Is the Pardon Advisory Board the same as the Parole Commission?
No, parole and pardons are different. The Pardon Advisory Board reviews eligible pardon applications and makes recommendations to the Governor on who to grant a pardon to. Only the governor can grant a pardon for a Wisconsin conviction. The Wisconsin Parole Commission is an independent commission that reviews requests for parole or early release from prison for sentences handed down for crimes committed before Dec. 31, 1999. The Governor does not have the power to parole people.
What if I already requested a pardon from a prior administration or submitted an application form from a prior administration?
You must re-apply using the current pardon application established by the Office of Governor Evers. In the interests of uniformity and fairness, only applications that have been completed using the current form will be processed and considered by the Board.
I applied and was deemed ineligible under the original eligibility criteria. But now that the eligibility criteria have changed, can my application be reconsidered?
Yes. To be reconsidered, applicants must submit the current application form but are not required to re-submit certified court documents or re-notify the DA's office and clerk of courts. Once your application is received, your file will be reopened and placed under supplemental review.
What if I already applied using another version of Governor Evers' pardon application form and am awaiting a hearing?
No action is needed from you. The 2019 version of the pardon application form will be accepted until October 15, 2021. After October 15, 2021, applicants will be required to use the updated, 2021 version of the pardon application form. You will be notified if your application is rejected or requires additional materials.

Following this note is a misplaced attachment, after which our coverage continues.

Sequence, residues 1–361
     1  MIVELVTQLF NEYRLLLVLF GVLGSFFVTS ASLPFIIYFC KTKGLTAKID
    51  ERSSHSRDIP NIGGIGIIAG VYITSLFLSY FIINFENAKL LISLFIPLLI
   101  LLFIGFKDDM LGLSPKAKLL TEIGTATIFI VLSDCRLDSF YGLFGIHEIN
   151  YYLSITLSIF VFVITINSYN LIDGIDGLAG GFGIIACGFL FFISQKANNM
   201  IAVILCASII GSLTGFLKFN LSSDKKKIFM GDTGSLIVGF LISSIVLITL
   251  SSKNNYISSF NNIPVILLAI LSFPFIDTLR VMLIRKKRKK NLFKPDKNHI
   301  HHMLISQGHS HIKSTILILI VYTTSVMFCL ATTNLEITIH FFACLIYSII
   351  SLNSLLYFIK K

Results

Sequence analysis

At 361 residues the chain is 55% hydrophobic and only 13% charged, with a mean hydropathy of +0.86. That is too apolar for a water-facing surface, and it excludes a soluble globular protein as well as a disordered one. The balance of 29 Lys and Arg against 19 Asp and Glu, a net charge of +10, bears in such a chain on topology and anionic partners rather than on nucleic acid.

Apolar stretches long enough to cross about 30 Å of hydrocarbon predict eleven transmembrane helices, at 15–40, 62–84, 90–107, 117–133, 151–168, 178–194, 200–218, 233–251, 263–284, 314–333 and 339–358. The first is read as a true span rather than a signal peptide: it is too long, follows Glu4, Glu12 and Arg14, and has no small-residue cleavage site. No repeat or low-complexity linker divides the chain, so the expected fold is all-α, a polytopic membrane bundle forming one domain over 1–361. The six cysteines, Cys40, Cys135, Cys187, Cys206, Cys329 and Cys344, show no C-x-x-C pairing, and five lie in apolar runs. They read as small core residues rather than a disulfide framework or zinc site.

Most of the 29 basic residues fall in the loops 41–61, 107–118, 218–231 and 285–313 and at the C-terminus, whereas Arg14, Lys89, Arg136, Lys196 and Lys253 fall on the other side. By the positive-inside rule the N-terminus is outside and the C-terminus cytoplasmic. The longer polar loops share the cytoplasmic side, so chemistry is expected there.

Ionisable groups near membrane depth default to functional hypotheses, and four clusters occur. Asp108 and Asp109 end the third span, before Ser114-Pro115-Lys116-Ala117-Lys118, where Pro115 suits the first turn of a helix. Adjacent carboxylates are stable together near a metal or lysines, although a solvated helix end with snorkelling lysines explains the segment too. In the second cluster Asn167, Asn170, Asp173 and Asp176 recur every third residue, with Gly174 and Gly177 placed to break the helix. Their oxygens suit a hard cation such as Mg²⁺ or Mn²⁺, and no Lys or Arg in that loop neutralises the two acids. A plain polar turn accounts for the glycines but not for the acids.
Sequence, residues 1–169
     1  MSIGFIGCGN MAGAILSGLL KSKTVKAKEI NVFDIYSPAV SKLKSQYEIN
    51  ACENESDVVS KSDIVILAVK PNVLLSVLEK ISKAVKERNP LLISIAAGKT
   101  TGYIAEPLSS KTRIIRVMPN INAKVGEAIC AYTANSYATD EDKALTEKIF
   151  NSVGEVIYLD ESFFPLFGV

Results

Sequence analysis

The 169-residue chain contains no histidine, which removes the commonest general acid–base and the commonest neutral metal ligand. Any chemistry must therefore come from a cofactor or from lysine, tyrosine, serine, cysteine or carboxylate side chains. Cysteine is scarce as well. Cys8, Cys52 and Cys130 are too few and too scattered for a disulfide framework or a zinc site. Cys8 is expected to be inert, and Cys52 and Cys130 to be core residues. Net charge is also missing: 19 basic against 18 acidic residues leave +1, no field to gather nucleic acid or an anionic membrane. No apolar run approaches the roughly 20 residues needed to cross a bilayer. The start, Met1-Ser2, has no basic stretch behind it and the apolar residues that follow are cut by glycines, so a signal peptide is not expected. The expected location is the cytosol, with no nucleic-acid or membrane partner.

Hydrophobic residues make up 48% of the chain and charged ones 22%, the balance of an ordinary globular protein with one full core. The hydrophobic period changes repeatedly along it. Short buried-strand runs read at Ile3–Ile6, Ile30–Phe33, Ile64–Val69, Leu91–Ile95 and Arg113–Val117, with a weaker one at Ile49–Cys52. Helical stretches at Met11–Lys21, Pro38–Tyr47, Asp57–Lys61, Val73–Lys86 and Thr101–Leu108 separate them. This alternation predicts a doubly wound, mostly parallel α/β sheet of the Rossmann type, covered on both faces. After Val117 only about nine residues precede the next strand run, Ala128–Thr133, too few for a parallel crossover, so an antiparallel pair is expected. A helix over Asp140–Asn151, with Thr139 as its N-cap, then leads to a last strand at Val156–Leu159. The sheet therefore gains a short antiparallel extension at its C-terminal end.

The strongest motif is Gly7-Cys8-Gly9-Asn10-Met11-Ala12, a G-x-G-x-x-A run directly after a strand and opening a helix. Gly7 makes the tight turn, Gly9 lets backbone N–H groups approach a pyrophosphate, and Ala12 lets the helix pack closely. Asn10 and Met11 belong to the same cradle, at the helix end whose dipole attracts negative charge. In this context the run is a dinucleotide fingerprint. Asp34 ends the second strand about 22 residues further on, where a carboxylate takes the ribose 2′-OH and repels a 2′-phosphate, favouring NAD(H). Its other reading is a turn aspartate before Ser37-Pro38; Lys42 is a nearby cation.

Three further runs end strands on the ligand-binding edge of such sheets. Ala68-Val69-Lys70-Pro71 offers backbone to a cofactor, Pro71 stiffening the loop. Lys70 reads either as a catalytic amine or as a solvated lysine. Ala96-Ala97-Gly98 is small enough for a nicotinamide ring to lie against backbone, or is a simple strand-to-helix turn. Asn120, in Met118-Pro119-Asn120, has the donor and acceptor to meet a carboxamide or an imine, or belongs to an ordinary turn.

Where can I obtain certified copies of the requested court records?
You should contact the clerk of court's criminal records division in the county of your conviction. The clerk may charge fees associated with photocopying and certifying the court documents you need. Certified copies are marked with a stamp or separate certification page indicating that the clerk verified the documents' authenticity and accuracy. Uncertified copies will not be accepted.
What if the clerk of courts cannot find copies of the requested documents?
Ask the clerk to mail a letter explaining that the records have been lost/destroyed to:
Office of the Governor
Attn: Pardon Advisory Board
PO Box 7863
Madison, WI 53707
Must my application be notarized?
Yes, you must have your application signed and stamped by a licensed notary public. Notaries can typically be found at the bank, the post office, or the courthouse. Remote notarization (i.e., through videoconferencing) is also available.
Should I submit letters of recommendation?